â†µLast week, I brought you my list of players fixin' to make a major leap in 2008-09. Now, the sorrow stuff. Below are five guys who, after putting themselves firmly on the map last season, probably will lose ground or tread ugly, stagnant water in the coming months. Some of it is their fault, some of it isn't. But fans of these 2007-08 breakouts had better brace themselves for some long nights or, if nothing else, exercise unsentimental restraint on fantasy draft night. In alphabetical order: â†µ
â†µAl Jefferson, Minnesota Timberwolves: Jefferson is the Wolves' new franchise player, in effect their replacement for Kevin Garnett. â†µHe's not an athlete like Dwight Howard, or even quite as towering as Andrew Bynum. But he's tough, hungry, and this past season looked every bit the future All-Star not quite as futuristic a force as Howard or Bynum, but maybe a Moses Malone for those who never caught the first showing. He also was pretty much the only thing doing on a bad team. â†µâ†µ
â†µJefferson admirably handled tons of defensive attention and never got too greedy, and even began to intimidate more consistently at the other end of the floor. The thing is, you've always got to wonder about a player who
â†µthrives—however admirably—in such a crappy situation. Having added the
â†µvastly underrated Mike Miller and McHale clone Kevin Love this offseason,
â†µthe Wolves will now have a deep threat who takes a lot of shots and some help for Jefferson underneath. Whether his stats take a slight dip is not the issue, but rather whether he takes advantage of these new digs and consolidates his strengths, or struggles to find a new groove.
â†µChris Kaman, Los Angeles Clippers: He is tall, proud, motivated, relatively skilled, and America's most loyal German non-citizen. And by the end of last season, many were wondering if Kaman wasn't receiving his due as one of the NBA's premier‹and granted, few‹true centers. All these things are worth considering. But remember, the Clippers were pretty much without Elton Brand for the duration of 2007-08, and other than that, just didn't have much to work with. â†µâ†µ
â†µIt's a testament to Kaman's talent that he could plug the leak and provide the output. It's also exactly why the Clippers brought in Baron Davis and Marcus Camby during the offseason. Davis likes to shoot, and grab rebounds, and pretty much run a free-flowing offense according to his inner frequencies. Camby may have taken the trade as an insult, but no one's scoffing at his presence around the basket, if only to block shots and board. The opportunities and responsibilities just won't be there for Kaman on this new-look squad. â†µâ†µ
â†µTravis Outlaw, Portland Trail Blazers: I wish the Blazers could play 200 guys at once. Last year's upstart nucleus is joined by new faces Jerryd Bayless, Rudy Fernandez and Ike Diogu, and of course, Greg Oden's deferred rookie year begins. That means LaMarcus Aldridge moves to power forward full-time, where do-it-all Outlaw got his share of minutes, and spot-up shooter Martell Webster becomes a no-brainer in this offense. â†µâ†µ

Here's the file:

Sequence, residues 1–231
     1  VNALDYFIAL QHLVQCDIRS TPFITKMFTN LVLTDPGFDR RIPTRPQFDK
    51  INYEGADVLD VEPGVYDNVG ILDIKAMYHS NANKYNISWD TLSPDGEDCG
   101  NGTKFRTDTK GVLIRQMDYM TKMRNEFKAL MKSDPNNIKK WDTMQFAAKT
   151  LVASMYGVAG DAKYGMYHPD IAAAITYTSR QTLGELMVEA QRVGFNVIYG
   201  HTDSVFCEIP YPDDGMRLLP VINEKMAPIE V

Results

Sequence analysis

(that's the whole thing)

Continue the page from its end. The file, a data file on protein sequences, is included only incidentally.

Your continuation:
â†µSo where does that leave Outlaw, who can play positions 2-4 and last year learned clutch and the longball? Well, he's certainly not going to get as many shots as Roy and Aldridge got in 2007-08, which is his stated goal. And he's no longer as desperately needed as a situational stop-gap. Expect Outlaw to be used selectively, as a match-up scrambler, defensive fright, and occasional big-shot option. But after last season's meteoric arrival, this year he'll be receding back into the rotation. â†µâ†µ
â†µJames Posey, New Orleans Hornets: Posey has this funny habit of winning rings and walking away to try his fortunes elsewhere. Maybe that means he's weird. Or maybe it's â†µbecause, while he's an accomplished, long defender who hits 3s at the right time, he also only comes up big in the playoffs. He makes these moves because, simply put, that's when his market value is at its highest. This isn't wanderlust, it's smart capitalism. â†µâ†µ
â†µThus, with the Hornets hoping to jump up another rung in the West, you've got to wonder: Are they bringing in Posey for veteran presence down the stretch‹with him, a relative term that could mean the last eight games of a long playoff run‹or to add to their attack? If it's the latter, they've made a mistake, especially if it keeps Julian Wright from getting his fresh-legged, eager and crazy, minutes. This could be a two-tiered letdown: â†µPosey will disappoint those expecting a full year of his post-season heroics, and the Hornets might find themselves stumbling if they bank too much of their 2008-09 plan on him. â†µâ†µ
â†µHedo Turkoglu, Orlando Magic: Boy, was the joke ever on Otis Smith and the Magic organization. After over-paying Rashard Lewis because he was exactly what they needed to complement Dwight Howard, it was Turkoglu who made a real difference. With his size, guard-like abilities, 3-point range, and ridiculous ability to put up points down the stretch, he made Shard's versatility (tall and shoot 3s) look like a bad joke. It was a dream season: â†µTurkoglu won the Most Improved Player award, he went from valuable role player to semi-star, and the Magic found themselves with a third deadly weapon. â†µâ†µ
â†µHere's the rub: This is supposed to happen in baseball, not basketball. In baseball, career years come out of nowhere, after a player's fate seems set. â†µNBA guys tend to follow more tidy, and predictable, narratives. Given the abnormal nature of Hedo's rise, it's hard to not think it wasn't also something of a fluke‹another marker of the MLB career year. What's more, now teams are approaching him, not Lewis, as the Magic's number two. So while he's obviously found a good situation in the Magic, there's no way the high continues unabated. â†µâ†µ
This post originally appeared on the Sporting Blog. For more, see The Sporting Blog Archives.